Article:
The overwhelming conclusion I drew from this book was that threats to our liberty (or even our lives) will not necessarily arrive goosestepping in a black shirt mouthing racial propaganda, but will instead insinuate themselves into our system in ways, and from a direction, we won't expect - and most disturbingly of all, that we might initially welcome those threats. I strongly recommend 'The Origins of Totalitarianism' as well; there are profound insights on every page, and I was amazed (given how long ago it was written) how prophetic it was.
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Format: Kindle Edition Verified Purchase
Arendt's perceptive take on the Adolf Eichmann trial in Jerusalem is not the definitive study of the Holocaust, but it is an essential text for anyone studying or interested in this period of history. In seeking to blur the distinction insisted upon by the Israeli court between good and evil you can see why Arendt's perspective was, and still is, so controversial: the portrayal of Eichmann as a dull and at times ludicrous administrator turns the finger of blame back towards his accusers, with the questions of complicity in the actions of the Nazi state astounding and thought-provoking. Moreover, Arendt tackles even the most contentious issues with an engaging style and a wry humour which highlights the absurdity of so many facets of human nature.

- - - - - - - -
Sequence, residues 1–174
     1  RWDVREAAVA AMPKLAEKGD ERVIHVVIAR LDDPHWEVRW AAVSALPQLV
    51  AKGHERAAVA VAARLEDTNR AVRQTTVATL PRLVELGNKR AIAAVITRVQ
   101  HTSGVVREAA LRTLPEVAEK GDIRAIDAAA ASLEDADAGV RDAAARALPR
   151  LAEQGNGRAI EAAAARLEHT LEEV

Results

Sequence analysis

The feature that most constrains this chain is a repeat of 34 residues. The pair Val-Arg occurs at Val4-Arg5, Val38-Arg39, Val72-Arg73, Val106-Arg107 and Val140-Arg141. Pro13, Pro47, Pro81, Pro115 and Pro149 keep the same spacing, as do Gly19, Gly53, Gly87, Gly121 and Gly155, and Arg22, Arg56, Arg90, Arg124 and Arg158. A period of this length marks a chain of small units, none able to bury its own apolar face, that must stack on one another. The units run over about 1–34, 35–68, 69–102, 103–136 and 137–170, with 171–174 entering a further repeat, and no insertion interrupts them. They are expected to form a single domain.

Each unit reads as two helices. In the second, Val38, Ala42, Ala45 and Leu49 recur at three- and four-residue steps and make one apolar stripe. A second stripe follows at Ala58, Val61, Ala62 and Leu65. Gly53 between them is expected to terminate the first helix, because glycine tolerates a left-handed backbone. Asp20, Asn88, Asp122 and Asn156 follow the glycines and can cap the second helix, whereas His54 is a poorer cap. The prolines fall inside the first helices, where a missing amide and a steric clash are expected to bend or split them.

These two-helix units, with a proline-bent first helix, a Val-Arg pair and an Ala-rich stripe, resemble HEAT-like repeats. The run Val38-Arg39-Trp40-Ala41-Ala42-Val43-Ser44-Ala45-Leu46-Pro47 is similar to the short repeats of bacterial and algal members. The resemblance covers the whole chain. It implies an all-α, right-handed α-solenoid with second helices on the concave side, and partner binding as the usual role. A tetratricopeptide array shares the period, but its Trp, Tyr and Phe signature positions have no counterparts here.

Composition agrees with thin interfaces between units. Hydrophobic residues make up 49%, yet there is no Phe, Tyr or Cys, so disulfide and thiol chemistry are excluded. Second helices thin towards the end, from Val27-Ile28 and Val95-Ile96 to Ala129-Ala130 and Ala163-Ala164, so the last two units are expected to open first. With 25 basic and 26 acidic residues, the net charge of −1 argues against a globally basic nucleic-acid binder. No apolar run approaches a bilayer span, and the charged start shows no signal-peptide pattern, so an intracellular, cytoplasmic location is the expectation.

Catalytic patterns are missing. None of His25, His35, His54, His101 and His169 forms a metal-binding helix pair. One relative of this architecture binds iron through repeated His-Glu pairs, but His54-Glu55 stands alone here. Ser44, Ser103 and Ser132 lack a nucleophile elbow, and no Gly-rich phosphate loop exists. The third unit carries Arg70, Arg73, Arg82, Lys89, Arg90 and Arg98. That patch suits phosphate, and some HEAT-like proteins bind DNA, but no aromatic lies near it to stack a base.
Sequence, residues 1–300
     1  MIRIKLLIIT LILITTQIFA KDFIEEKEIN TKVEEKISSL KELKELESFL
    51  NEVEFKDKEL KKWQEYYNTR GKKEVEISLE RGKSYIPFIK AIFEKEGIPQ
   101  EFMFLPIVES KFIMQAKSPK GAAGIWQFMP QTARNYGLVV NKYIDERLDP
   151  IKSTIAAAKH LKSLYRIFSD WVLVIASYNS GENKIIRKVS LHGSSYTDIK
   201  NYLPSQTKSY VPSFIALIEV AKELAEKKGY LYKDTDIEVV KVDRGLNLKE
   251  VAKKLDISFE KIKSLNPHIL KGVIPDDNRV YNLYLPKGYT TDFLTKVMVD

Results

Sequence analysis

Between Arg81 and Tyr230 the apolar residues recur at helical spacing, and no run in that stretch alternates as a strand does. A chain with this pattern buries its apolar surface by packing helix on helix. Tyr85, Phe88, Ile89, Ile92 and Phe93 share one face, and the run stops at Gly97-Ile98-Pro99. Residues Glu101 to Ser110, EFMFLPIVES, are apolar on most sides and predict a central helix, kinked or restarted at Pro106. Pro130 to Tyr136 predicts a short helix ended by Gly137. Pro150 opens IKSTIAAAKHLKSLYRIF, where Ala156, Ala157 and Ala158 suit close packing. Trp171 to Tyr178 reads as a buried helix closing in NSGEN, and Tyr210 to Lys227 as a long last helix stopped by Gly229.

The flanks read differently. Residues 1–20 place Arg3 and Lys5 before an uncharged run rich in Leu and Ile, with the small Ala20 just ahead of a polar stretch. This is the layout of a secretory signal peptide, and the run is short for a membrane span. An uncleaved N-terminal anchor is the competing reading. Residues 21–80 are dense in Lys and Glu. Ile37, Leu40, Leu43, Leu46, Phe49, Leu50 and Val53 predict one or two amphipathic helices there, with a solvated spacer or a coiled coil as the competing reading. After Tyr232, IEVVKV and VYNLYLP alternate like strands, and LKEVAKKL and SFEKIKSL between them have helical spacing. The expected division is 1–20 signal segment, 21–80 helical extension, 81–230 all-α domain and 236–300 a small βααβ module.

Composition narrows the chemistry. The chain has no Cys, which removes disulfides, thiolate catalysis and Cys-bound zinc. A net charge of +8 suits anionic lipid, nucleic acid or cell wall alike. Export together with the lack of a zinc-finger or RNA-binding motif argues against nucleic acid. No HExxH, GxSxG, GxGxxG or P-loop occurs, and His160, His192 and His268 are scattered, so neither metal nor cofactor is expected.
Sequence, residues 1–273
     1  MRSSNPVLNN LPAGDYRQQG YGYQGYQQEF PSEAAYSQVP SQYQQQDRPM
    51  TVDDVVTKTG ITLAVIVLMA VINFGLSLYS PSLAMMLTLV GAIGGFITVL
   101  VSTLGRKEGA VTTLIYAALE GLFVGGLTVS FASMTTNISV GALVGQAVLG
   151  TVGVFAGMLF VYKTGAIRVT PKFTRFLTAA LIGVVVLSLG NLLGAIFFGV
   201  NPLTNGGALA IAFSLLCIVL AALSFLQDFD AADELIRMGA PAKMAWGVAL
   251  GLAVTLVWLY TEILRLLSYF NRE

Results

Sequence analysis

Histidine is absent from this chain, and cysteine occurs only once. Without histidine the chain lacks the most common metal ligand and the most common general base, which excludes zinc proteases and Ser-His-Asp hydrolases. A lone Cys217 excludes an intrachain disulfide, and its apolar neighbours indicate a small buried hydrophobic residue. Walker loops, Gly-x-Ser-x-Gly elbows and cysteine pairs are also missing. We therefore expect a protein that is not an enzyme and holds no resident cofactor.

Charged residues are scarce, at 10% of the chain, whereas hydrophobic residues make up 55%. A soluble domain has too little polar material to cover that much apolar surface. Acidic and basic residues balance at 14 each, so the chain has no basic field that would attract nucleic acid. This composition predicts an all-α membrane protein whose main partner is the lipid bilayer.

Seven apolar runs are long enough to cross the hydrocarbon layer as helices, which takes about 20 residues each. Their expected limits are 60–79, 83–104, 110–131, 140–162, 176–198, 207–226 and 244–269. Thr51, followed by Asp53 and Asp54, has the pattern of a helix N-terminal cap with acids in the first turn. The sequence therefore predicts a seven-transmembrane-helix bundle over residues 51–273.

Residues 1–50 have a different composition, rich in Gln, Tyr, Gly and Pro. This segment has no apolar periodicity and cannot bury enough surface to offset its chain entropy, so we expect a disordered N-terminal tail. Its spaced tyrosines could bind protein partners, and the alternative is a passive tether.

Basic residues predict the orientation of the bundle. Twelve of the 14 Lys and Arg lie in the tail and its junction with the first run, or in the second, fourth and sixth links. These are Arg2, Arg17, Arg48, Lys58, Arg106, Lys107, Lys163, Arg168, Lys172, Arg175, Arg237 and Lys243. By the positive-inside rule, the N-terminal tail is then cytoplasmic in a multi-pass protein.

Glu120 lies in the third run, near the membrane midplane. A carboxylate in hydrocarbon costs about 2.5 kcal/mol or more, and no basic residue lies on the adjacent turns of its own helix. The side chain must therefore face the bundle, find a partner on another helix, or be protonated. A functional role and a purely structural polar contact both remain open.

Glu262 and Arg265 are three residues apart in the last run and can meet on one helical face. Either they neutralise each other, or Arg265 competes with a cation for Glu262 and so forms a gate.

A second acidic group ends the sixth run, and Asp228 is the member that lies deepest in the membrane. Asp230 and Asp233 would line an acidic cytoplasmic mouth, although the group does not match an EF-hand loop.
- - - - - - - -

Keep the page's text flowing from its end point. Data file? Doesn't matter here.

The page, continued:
Given the importance of this book, it is a shame that Penguin seem to have entrusted the transcription of the Kindle version to a 16 year-old exchange student on a work-experience placement. The typos are frequent, glaring, at times jarring, and on several occasions involve the omission of whole lines of text or quotation marks, altering the meanings of sentences. You can tell no one has bothered to check the text through because Hitler's title is written as "Fiirher" more or less throughout. I would therefore advise any prospective customers to definitely buy this book, but to get it in paperback unless these issues are resolved.
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Format: Paperback
This book is a key contribution to the debate about the nature of evil and a must-read for anyone making a serious study of responses to the holocaust.
Arendt writes fluidly and you can polish the text off at quite a pace. It is not directly a work of philosophy, even in the sense that the rest of Arendt's work is, but a commentary on the key players in Eichmann's trial and the pertinent historical events, and mostly an analysis of the psychology of Eichmann. It is this psychological study which provokes the most important moral questions, as Eichmann is comes across as a rather stupid, ambitious individual who is sometimes comical in his failure but too complex to be a monster - in fact, too normal for comfort. This is the challenge posed by "the banality of evil": given the right environment and social factors, might there be an Eichmann in all of us?
Be aware that Arendt has her own social and political axes to grind,and this comes through in her commentary on the trial.